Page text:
“These second echelon Communist Party leaders staged a coup d’etat during a popular revolt in the streets,” says Lavinia Stan, a Romania expert at St. Francis Xavier University in Antigonish, Nova Scotia. “Power passed to second-echelon Communist Party leaders who presented themselves as Gorbachev-style reformers because there was no real non-Communist opposition in Romania.”
The enemy is us?
Experts remain divided on what happened after this change in power, when over 85 percent of the Revolution’s deaths occurred.
That night, fighting intensified, with pitched battles at the defense ministry, television headquarters, airports and other strategic locations in the capital. At the time, protestors and army units loyal to the new government believed they were fighting pro-regime “terrorists.”
Many researchers now believe these “terrorists” never existed. “It came down to a mess and muddle in which these forces were running around looking for enemies and they ended up shooting each other,” says Mr. Siani-Davies. “Once darkness came they started distributing guns to a lot of teenagers; teens are likely to shoot, especially if someone fires on them.”
“The evidence is overwhelming that [revolutionaries] either mistakenly or deliberately shot at one another,” says Ms. Petre. “Nobody found any evidence of the terrorists.”
Some disagree. Independent researcher Richard Andrew Hall points to substantial evidence that shadowy anti-revolutionary forces were involved in the intense fighting in the days after Ceausescu’s flight. Hall has posted research papers pointing out widespread accounts of people being injured or killed by dum-dum bullets, which are designed to shatter inside the body to maximize organ damage and are outlawed under the Geneva Conventions. Ordinary army and police units did not stock such ammo.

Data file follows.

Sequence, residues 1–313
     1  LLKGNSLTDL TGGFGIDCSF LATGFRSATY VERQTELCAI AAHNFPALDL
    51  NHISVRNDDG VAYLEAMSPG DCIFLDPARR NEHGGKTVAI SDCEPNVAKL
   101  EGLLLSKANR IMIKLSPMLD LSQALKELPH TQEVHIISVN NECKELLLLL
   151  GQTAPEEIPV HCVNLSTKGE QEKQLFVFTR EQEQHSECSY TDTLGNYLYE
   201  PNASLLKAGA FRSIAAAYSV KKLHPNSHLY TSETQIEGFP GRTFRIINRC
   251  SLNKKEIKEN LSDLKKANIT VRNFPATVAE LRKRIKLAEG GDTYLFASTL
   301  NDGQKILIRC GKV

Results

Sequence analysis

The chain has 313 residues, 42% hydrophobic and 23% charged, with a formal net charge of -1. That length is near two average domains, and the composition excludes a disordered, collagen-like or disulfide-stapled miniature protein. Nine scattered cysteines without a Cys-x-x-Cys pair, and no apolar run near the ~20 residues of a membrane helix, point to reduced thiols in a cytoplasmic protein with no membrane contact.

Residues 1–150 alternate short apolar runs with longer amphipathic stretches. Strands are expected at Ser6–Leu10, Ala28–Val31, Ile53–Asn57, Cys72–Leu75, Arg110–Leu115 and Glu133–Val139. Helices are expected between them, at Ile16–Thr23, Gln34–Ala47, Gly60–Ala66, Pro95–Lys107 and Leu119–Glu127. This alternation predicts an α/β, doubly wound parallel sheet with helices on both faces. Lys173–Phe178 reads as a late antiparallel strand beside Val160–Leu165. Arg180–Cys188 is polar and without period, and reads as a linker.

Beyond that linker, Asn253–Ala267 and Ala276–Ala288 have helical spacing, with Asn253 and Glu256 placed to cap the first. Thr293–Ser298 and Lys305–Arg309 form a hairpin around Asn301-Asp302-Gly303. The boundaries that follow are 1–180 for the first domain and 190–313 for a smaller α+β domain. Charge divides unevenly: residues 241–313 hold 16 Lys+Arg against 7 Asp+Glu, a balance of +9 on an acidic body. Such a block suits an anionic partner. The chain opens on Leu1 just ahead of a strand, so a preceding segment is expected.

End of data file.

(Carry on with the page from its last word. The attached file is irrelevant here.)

“Let us hope that on the twentieth anniversary of the Revolution we may be able to read serious investigations of the ballistics evidence, rather than be subjected to the false and jaded refrain [that] such things did not exist,” Mr. Hall concluded.
(Hall’s current employer — the U.S. Central Intelligence Agency — has allowed him to publish his personal research, but does not permit him to give interviews.)
The National Salvation Front won the May 1990 parliamentary elections and Iliescu was elected president in a landslide. Over the following decade, former securitate officials became major businessmen and political figures and efforts to bring individuals to justice for Communist-era crimes were systematically blocked, according to the final report of an official presidential commission released in 2006.
“Secret police files are now available to ordinary Romanians, but the access came too late,” says Ms. Stan, who notes some Communist-era archives remain closed. “It’s not like in East Germany, where you had close to a million requests to see files in the first years after they were opened. In Romania the total is 30,000….People just lost interest.”